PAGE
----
Dr. Nathan Sorber of West Virginia University will speak about the history and impact of land grant universities and the key roles they should have moving forward. Following Dr. Sorber's talk, in honor of the 150th, we will look to the future with a panel discussion and questions and comments from the audience: What Is UNH's Role in Serving the Public Good?
Wednesday, March 29, 4:30pm; Huddleston Ballroom
Saturday, April 1, 2017; 1pm; Huddleston Ballroom
Get a glimpse of what life was like in the 1860s and experience how our programs helped prepare students for careers in agriculture, forestry, horticulture, and other subjects as the Thompson School grew throughout the late 19th and 20th centuries. Our Culinary Arts students will be preparing food commonly served during the period, while our Civil Technology department will be displaying and demonstrating the use of historic surveying equipment. The Forestry team will process timber using tools and techniques representative of the times, while Integrated Agriculture and Applied Animal Science staff and students will display oxen, sheep, and chickens. Our Horticultural Technology team, while also taking part in the UNH Greenhouse Open House going on that day, will feature a display in the greenhouse about 19th century horticultural practices.
Christopher Kies, Dept. of Music - An original musical composition to be performed by the UNH Concert Choir, the texts for which will be taken from two collections of Poetry entitled, The 2008 (and 2010) Poets' Guide to New Hampshire.
Tuesday, November 1 - 5:00pm Murkland Hall, Rm 115 (auditorium)
Thursdays, November 3, 10, 17 - 5:30 PM - 7:30 PM; Cole Hall
Tuesday, November 15 - 6:00 PM - 8:00 PM, UNH Manchester, 88 Commercial St, Room 201
With the unique perspective of having served at the three national security power centers during President Barack Obama’s tenure— the White House, State Department, and Pentagon—Derek Chollet will examine the President’s foreign policy legacy and offer important lessons for the next president. Part of the Global Tipping Points - World in Transition speaker series in partnership with the World Affairs Council of NH
Questions? Contact Dana Pierce
Wednesday, November 30 - 4:00 p.m. - 5:30 p.m. Dunleavy Reading Room, Special Collections, Dimond Library Level One
A video featuring representatives presenting the history of the Office of Community, Equity and Diversity, (Assoc. VP Jaime Nolan) and the President’s
Commissions on equity and inclusion. Campus leaders tell stories of advocacy and explain how new understandings and collaborations are building a diverse, welcoming community. They share a passion for specific accomplishments on the Commissions and their service to the university in supporting equity and inclusion.
Michael Routhier, Geospatial Science - Construction of a mobile web-mapping application which will feature an interactive map of the UNH campus. This project will be ongoing through December 2016.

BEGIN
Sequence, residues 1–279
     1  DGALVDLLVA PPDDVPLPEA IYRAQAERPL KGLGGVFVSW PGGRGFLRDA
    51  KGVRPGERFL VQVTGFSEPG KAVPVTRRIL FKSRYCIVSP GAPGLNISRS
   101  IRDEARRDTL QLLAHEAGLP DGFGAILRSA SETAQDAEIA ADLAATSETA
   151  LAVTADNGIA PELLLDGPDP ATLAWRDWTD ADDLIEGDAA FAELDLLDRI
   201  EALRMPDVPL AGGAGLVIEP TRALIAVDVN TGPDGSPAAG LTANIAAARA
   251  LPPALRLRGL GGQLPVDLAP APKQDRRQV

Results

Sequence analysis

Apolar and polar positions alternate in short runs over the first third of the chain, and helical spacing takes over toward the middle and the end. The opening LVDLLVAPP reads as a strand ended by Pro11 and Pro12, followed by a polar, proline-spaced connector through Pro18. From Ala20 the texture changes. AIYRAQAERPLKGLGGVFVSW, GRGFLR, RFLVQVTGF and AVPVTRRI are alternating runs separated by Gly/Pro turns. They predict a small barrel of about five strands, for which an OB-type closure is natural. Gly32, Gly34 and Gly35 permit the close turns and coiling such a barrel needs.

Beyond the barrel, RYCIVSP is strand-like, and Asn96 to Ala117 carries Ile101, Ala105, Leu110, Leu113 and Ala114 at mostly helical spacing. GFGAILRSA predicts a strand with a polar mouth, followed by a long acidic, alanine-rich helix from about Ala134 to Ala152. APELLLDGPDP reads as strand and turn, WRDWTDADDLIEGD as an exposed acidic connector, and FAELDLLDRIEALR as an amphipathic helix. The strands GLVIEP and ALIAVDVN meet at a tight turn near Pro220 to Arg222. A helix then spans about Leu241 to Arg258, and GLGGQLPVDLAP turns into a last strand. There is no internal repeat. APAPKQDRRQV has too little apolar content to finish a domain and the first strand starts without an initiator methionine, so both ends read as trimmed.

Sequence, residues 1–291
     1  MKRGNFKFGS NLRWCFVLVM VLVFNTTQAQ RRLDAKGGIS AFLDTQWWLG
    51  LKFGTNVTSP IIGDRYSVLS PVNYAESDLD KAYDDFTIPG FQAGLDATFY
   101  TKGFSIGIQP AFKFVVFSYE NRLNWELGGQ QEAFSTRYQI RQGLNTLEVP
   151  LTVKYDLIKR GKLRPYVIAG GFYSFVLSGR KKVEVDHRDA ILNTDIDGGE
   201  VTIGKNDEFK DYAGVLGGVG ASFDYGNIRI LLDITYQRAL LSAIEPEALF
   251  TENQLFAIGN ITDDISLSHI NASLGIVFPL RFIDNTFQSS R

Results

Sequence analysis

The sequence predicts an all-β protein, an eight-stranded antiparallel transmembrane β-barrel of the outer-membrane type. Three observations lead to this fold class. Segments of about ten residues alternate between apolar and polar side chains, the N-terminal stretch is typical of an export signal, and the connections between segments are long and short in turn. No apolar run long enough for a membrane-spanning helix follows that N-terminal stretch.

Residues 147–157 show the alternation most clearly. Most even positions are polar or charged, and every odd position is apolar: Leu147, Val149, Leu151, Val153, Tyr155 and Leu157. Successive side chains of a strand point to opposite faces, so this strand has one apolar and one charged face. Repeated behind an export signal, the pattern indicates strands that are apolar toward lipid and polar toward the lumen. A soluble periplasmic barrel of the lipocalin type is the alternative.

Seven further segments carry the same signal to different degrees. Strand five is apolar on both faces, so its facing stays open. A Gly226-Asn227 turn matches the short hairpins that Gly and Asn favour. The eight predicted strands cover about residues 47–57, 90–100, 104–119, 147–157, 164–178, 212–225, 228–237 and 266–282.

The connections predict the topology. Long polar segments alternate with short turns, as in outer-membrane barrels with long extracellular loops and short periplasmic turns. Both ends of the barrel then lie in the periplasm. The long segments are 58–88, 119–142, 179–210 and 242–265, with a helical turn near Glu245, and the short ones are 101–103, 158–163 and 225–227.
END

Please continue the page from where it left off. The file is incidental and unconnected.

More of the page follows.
November 28 - December 14 - UNH Museum, Dimond Library, M-F 12:00-4:00PM, W 12:00-8:00PM
Cindy Burke, Director, UNH Therapeutic Riding Program - A student produced multi-media display on the transformation of the equine on campus from a mode of transportation and farm work animal to its current role within our BS Equine Studies and AAS Equine programs.
Sandra Rehan, Assistant Professor, Department of Biological Sciences - The Rehan lab is conducting a long-term assessment of floral requirements and habitat preferences for native bees in efforts to better conserve local populations. Students have developed a database of historic records of bees including 14,000 bee specimens spanning 150 years in the state to examine former ranges and population numbers for the 200+ species found locally. A display of 6000+ bee specimens showcases the diversity of native bees in NH.
Christopher Kies, Dept. of Music - An original musical composition to be performed by the UNH Concert Choir, the texts for which will be taken from two collections of Poetry entitled, The 2008 (and 2010) Poets' Guide to New Hampshire
One hundred and fifty years ago, a field with a stone building became what is known today as the University of New Hampshire. That building and seven boxes of books are what planted the roots for a great institution. Throughout the years UNH has been a part of some many great moments in history. Come and join the journey that is this original play.
Spring 2017; WS 505.05; T/R 9:40-11:00am
Jane Stapleton, Affiliate Faculty, Women's Studies Program - Inspired by UNH’s Sesquicentennial Celebration, this course will engage students in an honest and empowering examination of diversity challenges on a number of axes faced at UNH over the course of its 150 years. We will begin by exploring women’s changing roles at UNH throughout time and how they correspond with changes in the larger culture. This analysis will extend to a diversity of identities at UNH, including race, ethnicity, religion, national origin, gender, class and sexual orientation. Through studied exploration of important work in the area of diversity, the class will produce an archival record for public display. This display will concretely demonstrate the innovative strategies tested in our long history of hardship and hope at UNH. The course will bring into specific relief the ways a land-grant university can transform the region and beyond by the work we do on campus and the people that we help to shape. (Fulfills Discovery Historical Perspectives and Inquiry requirements.)